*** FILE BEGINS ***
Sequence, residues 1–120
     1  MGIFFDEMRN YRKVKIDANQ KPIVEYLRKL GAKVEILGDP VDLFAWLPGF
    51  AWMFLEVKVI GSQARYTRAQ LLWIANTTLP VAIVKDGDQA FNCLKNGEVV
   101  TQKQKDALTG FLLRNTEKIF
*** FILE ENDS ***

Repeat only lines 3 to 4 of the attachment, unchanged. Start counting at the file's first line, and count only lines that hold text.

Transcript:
    51  AWMFLEVKVI GSQARYTRAQ LLWIANTTLP VAIVKDGDQA FNCLKNGEVV
   101  TQKQKDALTG FLLRNTEKIF